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Maintenance & Administration

How to run an offline defragmentation in E2k by mtraversMSFT
Posted: 6 Jul 03 (Edited 29 Feb 04)

If your Database has shut down after reaching the 16GB limit, and you are using Exchange 2000, you can obtain a fix from PSS to temporarily extend this limit

813051 How to Temporarily Increase the Exchange 2000 16-Gigabyte Database Size
http://support.microsoft.com/?id=813051  ;


KBLink:824282.KB.[LN]: September 2003 Exchange 2000 Server Post-Service
    Pack 3 Rollup

or follow the steps below (part B followed by Part A).  If you have not shut down and want to reclaim free space in your database, this can be followed as well, just omit any parts that pertain to the database shutting down


PART A. Preliminary

To maximize the amount of free space you will reclaim, follow the steps below prior to the defragmentation:

 a. Set deleted items retention to 0. This can be found by going to the properties of the mailbox store and the Limits tab "Keep deleted items for"
 b. Have users delete old items, empty their deleted items and/or move items to a pst file
 c. A cycle of online maintenance needs to be run following these deletions. On the properties of your Mailbox Store on the Database tab, hit the Customize button on Maintenance Interval and set to always (extend the green bar all the way)
 d. When online maintenance has started (it may take 30 minutes to start) and finished you will see these informational events in your Application log in Event Viewer.

 Event ID: 700

 Source: ESE

 Type: Information

 Category: Online Defragmentation

 Description: MSExchangeIS (170) Online Defragmentation is beginning a full pass on database 'C:\exchsrvr\mdbdata\priv1.edb'.

 The defrag may take several hours to complete and upon complete will log the following in the application log:

 Event ID: 701

 Source: ESE

 Type: Information

 Category: Online Defragmentation

 Description: MSExchangeIS (170) Online Defragmentation has completed a full pass on database 'C:\exchsrvr\mdbdata\priv1.edb'.

 e. When this completes run an offline defragmentation to free up space in the database.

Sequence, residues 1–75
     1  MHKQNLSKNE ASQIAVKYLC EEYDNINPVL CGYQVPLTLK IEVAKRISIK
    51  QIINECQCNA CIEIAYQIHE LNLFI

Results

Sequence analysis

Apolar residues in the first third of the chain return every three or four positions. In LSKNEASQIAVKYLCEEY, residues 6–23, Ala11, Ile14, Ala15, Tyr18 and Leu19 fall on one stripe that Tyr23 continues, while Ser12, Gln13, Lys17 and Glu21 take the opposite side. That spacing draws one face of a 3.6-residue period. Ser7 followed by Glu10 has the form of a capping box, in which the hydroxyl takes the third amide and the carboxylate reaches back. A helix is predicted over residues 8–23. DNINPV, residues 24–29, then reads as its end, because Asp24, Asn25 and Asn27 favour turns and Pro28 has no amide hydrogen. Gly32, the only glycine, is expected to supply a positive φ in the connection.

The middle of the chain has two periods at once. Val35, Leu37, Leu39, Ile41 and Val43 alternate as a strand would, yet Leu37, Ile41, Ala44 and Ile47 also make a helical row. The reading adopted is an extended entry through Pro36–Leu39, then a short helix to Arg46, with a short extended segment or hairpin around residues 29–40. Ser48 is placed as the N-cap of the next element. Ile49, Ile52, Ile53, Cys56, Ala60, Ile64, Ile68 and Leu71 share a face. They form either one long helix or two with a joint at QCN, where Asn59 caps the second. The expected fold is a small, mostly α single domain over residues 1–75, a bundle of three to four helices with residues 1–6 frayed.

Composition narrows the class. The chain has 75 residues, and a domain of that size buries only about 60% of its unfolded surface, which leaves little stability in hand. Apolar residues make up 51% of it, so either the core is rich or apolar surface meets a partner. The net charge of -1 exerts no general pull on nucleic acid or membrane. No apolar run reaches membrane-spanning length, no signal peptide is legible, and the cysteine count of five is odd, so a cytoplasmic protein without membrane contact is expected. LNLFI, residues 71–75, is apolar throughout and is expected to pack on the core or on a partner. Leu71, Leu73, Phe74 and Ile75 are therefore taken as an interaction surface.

1. Run an offline defragmentation.  This will take run at about 2-5GB per hour, depending on hardware.  An offline defragmentation has certain disk space requirements.  You will need disk space equal to your database size plus and additional 10 percent. For example, if your database is 16GB, you will need an additional 16GB of space plus an additional 10 percent (1.6GB) to run.  For example if your database is 20GB you would need an additional 20GB of space for the temp database + 2GB or 10 percent.  

If disk space is at a premium, the temporary database created during the defrag can be redirected to a drive with more space or a network drive.  The following 3 Scenarios describe the different options.

Scenario A.

If you have the disk space requirements, to run an offline defragmentation, go to a command prompt and change to your Exchsrvr\bin folder.  The syntax would be

Eseutil /d <database path>

Eseutil /d ôc:\program files\exchsrvr\mdbdata\priv1.edbö

Repeat the steps for the public database (pub1.edb file)

*****Note the priv1.stm and pub1.stm files do NOT need to be defragmented******

*Database path needs to be in quotes if located in ôprogram files\exchsrvr\mdbdataö if path is exchsrvr\mdbdata the path does not need quotes.

Scenario B.

If because of disk space, you need to redirect the temp database to another drive on the same server use the syntax below. In this example, a folder created for the temp database on the F drive is called Defrag the syntax would be

Eseutil /d ôc:\program files\exchsrvr\mdbdata\priv1.edbö /tF:\defrag\tempdfrg.edb


Scenario C.

To redirect the temp database to a mapped network drive the following syntax would be used


For example we mapped a drive Z to a folder called Defrag on a network share

Eseutil /d <path> /tz:\tempdfrg.edb

Eseutil /d c:\exchsrvr\mdbdata\priv1.edb /tz:\tempdfrg.edb

***when redirecting the temp database to a network drive the defrag will take significantly longer*****


More Information

A permanent resolution to reaching the 16GB limit would be to upgrade, if possible, to Exchange Enterprise Edition which has an unlimited database size.  For more information see the following KB article

170280 XADM: Upgrading From Exchange Server Standard Edition to the Enterprise

If upgrading to Enterprise Edition is not an option, you may want to implement mailbox limits to help prevent the database from getting too large.  This can be implemented on the entire mailbox store.  Individual limits can be set on a per mailbox basis if you have executive mailboxes that require higher storage limits.  For more information, see the following KB article

319583 HOW TO: Configure Storage Limits on Mailboxes in Exchange 2000


Back to Microsoft: Exchange FAQ Index
Back to Microsoft: Exchange Forum

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